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FCC’s utter incoherence on Paid Prioritization

By 29 December 2010 23 Comments

Julius Genachowscki’s FCC managed to pass their Net Neutrality ruling last week by striking a very delicate compromise.  This compromise was needed to get the necessary votes from the FCC commissioners who wanted an outright ban on Paid Prioritization or “access fees” (the existing practice of broadband providers charging businesses for direct access to their networks), and to avoid an immediate fight with the broadband providers who want to protect their existing business models and property rights.  The problem with this compromise is that it resulted in an utterly incoherent ruling that relies on arbitrary definitions and a sheer disregard of the facts and the record.

The FCC satisfied both sides enough to get its ruling passed by a 3-2 margin by declaring Paid Prioritization legal and illegal at the same time.  To pull off this amazing feat of hair splitting, the ruling gave two arbitrary names to Paid Prioritization services calling one legal and the other one not.  Almost in a strange twist of irony, the paragraph defining Paid Prioritization as legal is paragraph 67, and the paragraph declaring it illegal is paragraph 76.  I can’t think of anything that better symbolizes this massive flipflop and contradiction.

Paid Prioritization as “interconnection” or “Paid Peering” is legal

In paragraph 67 (under the footnotes), the FCC declared “existing arrangements for network interconnection, including existing paid peering arrangements” to be legal so long as they are not offered under the threat of blocking.  It’s also noteworthy that Content Delivery Networks (CDNs), which also rely on existing paid peering agreements, were also exempted from the ban on Paid Prioritization.

Nevermind the fact that paid peering and interconnection is absolutely indistinguishable from Paid Prioritization.  For a substantial re-ocurring fee, Paid Peering and settlement-based Interconnection services provide their premium customers with packet priority at the expense of non-peered and non-interconnected traffic.  Furthermore, it provides a fee based exclusive “fast-lane” access to hundreds to thousands of 10-gigabit ports while bypassing the more congested Internet transit connections.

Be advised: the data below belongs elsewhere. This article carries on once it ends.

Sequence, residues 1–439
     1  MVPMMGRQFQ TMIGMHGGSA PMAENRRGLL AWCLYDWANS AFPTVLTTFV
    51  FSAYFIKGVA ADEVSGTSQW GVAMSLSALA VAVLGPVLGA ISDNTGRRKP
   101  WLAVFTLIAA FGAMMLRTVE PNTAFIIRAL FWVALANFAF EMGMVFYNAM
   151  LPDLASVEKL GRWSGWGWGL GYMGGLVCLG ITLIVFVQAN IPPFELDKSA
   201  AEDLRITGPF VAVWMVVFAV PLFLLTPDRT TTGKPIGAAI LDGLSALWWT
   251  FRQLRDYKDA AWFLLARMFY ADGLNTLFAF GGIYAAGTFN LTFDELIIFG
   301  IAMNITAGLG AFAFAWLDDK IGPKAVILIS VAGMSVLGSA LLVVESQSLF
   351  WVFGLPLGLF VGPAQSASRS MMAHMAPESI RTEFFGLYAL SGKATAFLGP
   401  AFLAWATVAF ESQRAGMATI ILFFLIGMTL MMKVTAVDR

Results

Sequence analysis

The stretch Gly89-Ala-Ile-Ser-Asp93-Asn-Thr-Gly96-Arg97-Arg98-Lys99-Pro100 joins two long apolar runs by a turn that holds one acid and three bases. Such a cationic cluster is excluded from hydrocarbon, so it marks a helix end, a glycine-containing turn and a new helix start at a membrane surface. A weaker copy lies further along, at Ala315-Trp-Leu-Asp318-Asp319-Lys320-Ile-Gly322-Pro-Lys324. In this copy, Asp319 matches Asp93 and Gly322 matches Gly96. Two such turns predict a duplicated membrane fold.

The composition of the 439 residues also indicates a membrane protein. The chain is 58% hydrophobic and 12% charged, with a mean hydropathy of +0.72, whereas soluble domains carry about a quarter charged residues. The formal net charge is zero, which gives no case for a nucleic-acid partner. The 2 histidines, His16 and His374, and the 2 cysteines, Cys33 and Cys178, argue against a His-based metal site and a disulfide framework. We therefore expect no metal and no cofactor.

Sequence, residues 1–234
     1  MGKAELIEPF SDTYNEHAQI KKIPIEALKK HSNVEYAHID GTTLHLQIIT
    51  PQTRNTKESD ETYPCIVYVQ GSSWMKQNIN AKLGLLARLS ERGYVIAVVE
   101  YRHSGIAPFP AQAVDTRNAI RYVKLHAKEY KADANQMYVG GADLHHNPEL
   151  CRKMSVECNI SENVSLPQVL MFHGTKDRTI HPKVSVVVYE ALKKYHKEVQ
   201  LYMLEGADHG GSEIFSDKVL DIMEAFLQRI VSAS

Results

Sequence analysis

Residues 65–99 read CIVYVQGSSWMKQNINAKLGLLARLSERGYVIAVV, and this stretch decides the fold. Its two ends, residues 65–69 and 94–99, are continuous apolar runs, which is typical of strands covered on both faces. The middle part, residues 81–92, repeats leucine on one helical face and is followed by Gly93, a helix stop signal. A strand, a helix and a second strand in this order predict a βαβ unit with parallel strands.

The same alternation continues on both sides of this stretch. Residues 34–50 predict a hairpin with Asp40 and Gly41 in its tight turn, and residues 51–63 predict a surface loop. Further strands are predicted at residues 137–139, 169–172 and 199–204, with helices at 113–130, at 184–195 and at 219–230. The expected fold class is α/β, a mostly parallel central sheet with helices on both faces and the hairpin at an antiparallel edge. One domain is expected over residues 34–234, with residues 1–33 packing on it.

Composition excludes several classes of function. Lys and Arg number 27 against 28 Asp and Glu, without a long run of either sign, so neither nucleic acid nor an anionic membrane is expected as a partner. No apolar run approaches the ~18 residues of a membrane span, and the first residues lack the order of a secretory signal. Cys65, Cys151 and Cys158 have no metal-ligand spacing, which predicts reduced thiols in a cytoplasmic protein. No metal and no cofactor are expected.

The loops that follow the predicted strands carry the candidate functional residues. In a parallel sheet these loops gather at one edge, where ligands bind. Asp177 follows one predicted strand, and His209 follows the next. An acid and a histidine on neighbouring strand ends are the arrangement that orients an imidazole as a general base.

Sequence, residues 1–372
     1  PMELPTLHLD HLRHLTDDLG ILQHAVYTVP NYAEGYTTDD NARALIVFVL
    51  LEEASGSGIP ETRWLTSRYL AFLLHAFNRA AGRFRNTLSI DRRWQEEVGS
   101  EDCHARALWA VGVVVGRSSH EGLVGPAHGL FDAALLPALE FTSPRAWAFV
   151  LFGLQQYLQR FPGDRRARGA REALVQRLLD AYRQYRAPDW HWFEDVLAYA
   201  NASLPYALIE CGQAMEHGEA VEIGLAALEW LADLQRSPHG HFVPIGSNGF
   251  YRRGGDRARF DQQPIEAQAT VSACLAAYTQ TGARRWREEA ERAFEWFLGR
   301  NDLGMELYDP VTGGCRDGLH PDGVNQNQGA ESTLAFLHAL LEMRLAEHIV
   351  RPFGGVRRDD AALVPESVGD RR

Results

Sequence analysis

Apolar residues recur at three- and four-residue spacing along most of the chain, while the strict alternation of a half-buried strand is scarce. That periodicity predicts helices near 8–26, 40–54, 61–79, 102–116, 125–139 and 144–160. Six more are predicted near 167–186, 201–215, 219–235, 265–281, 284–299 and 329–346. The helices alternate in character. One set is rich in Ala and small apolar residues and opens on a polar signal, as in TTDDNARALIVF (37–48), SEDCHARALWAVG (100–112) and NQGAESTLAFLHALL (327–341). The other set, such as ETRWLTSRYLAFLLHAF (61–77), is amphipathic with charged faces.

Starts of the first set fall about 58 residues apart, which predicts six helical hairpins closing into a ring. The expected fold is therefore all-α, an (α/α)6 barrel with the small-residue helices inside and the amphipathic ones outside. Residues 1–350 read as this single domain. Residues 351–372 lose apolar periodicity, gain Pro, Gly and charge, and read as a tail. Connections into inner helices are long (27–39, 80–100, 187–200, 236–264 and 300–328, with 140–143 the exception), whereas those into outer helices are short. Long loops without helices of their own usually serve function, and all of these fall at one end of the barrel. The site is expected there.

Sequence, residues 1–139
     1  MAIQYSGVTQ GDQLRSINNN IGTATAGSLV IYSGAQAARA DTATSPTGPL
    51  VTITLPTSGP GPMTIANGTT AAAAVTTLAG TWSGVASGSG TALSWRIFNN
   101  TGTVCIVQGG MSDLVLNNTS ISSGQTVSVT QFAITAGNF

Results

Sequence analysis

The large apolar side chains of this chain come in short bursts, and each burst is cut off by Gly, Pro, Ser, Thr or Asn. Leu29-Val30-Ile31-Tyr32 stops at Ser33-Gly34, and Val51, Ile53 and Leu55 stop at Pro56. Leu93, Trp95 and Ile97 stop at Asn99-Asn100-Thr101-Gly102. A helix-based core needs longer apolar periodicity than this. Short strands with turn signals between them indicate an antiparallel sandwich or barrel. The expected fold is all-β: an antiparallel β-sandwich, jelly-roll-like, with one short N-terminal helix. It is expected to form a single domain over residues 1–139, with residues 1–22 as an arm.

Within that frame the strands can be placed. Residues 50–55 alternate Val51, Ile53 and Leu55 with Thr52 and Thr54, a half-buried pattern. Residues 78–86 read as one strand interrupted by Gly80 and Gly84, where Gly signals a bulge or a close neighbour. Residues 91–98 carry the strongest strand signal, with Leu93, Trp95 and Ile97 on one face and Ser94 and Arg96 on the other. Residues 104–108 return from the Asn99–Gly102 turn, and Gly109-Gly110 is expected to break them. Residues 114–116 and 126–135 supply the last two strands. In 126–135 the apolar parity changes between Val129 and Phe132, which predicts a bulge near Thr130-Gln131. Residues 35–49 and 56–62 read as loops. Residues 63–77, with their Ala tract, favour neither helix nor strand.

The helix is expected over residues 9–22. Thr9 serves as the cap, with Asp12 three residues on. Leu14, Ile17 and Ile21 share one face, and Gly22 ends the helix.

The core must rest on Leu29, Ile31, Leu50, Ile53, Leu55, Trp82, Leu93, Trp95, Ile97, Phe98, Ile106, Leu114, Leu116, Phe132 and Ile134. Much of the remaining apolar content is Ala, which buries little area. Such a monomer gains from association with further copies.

Peering and Interconnection services will be left alone for now because the FCC probably can’t get away with breaking nearly all existing Internet streaming video services, but they’re close to doing this and giving the Net Neutrality extremists what they’ve wanted all along.

Paid Prioritization that is “enhanced or prioritized” is illegal

In paragraph 76, the FCC declared “Paid Prioritization” or “Paid Prioritization with a third party” (this concept of “third party” was never defined) to be illegal (to be more precise, the FCC declared it unlikely to be legal).  It gave the following four justifications to do this but none of them made any sense.

1. Paid Prioritization represents a departure from existing Internet practices and the record contained no examples of Paid Prioritization in practice.

But that’s clearly not the case because the entire Internet operates on reoccurring fees (for consumers and for Internet “edge” providers of content and services) that are commensurate to service levels.  CDNs for example have existed since the beginning of the broadband era at the end of the 1990s which is all most Internet users have ever known, and that represents a Paid Prioritization service since the beginning of the modern Internet.

The FCC also blatantly ignored the record of known Paid Prioritization agreements by stating that the record contained no examples of them.  AT&T this year filed official comments which became a part of the FCC’s public records stating that they had hundreds of Paid Prioritization customers.  Are all those customers and AT&T now violating FCC regulation?  I guess so long as they call it “interconnection” or “peering”, it’s legal but if it’s called a “prioritization” or “enhanced” service, it’s not.  But that’s a ludicrous regulatory position.